Splinter is a haunted story of a family reunited in the wake of chaos.
Lucy Bell and Simon Gleeson in Splinter. Image: Brett Boardman.
It’s been nine months since the Man (Simon Gleeson) and the Woman (Lucy Bell) have seen and held their daughter Laura. The girl vanished into thin air from the family’s home. Now she’s back and the parents are overwrought with joy.
In a protective act, they rush the child back to their beach house — not even letting the police question her. There’s no clue as to where Laura has been that whole time. Who and what has she endured? It’s here in this quiet place, near the water and the cliffs, that the Man and the Woman attempt to stitch their lives back together with Laura’s favourite soup, Laura’s favourite toys, Laura’s favourite rock on the foreshore.
However, the couple’s fear, doubt and, eventually, repulsion quickly seep into the fabric. In a nod to gothic horror and tales of changelings, the Man is convinced that the child-like figure suckling at his wife’s breasts is not his Laura. He’s not even sure she’s a child at all.
Bell gives a nuanced physicality to her performance of the Woman. She is drunk on the love of a mother reunited with her baby. She intimately wraps her body around the child and similarly crumples into her despair as the Man revolts with thoughts more seething by the moment.
Gleeson begins with a theatrical touch that feels too much for the intimacy of Griffin's tiny Stables theatre. It does, however, grow more convincing as he collapses into a vortex of summons and repulsion. As Gleeson watches nightly over Laura in her bed, he is both keeping watch and staging a vigil. He reads the child for proof that she is still Daddy’s little girl, but each act, smell and sight makes him gag. Gleeson’s performance keeps us privy to the fact that this is not simply a father mourning a more ‘normal’ kind of life.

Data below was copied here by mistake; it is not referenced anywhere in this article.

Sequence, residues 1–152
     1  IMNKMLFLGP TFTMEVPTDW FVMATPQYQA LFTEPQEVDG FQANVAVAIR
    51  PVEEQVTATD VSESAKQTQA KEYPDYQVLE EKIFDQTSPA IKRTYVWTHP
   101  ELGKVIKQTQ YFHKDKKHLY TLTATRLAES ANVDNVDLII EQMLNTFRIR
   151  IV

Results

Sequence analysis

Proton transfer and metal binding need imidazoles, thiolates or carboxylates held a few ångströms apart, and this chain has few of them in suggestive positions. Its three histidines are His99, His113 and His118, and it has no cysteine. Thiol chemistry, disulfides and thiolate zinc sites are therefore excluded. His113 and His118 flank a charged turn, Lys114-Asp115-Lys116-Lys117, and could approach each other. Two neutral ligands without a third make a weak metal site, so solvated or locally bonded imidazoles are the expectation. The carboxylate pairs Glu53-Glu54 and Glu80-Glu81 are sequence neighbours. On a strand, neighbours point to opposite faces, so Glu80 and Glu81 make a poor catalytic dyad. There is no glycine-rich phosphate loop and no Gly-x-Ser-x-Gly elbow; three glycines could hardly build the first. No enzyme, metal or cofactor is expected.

That both Gleeson and Bell are playing off nothing at all in their interactions with Laura is chilling and effective (and totally to their credit and that of director, Lee Lewis). When Bell is overflowing with love as she brushes the child’s hair, it’s as if she’s dancing with the coastal wind itself. It’s both a tender act of love and an icy foreshadowing. Gleeson’s descent is potent against Laura’s invisibility. While at first his Play School camping is met with the silence of a child unimpressed or even scared, the vacant space of his daughter is rapidly filled with his acts of abandonment, rejection and loss.
The beach house set design by Tobiyah Stone Feller feels intimate and dusty in the ways that family holiday homes often are. Thin and vaguely transparent walls give the home a flimsy and suspicious mood.
Benjamin Brockman’s tealight design evokes pleasant holiday warmth, as well as an uncomfortable sense of votive offering. And Mic Gruchy and Alyx Dennison’s visual and audio compositions work nicely together to create some much-needed atmosphere with their moody shadow-show.
There is however something missing. Stories of vanished children and ambiguous loss are so much a part of the Australian psyche and, yet, Hilary Bell’s writing doesn’t seem to grab hold to the grit of all this substance. There is a feeling that this is any time, any place, rather than this place. In the intimacy of the Stables, I want to be totally overcome. Instead, I left a bit disturbed by my own ambivalence to the horrors of the final scene.
3 stars out of 5 ★★★
Director: Lee Lewis
Composer/Sound Designer: Alyx Dennison
Video Designer: Mic Gruchy
Lighting Designer: Benjamin Brockman
Designer: Tobhiyah Stone Feller
Stage Manager: Rebecca Poulter
Cast: Lucy Bell, Simon Gleeson
6 September-12 October 2019
SBW Stables Theatre, Sydney NSW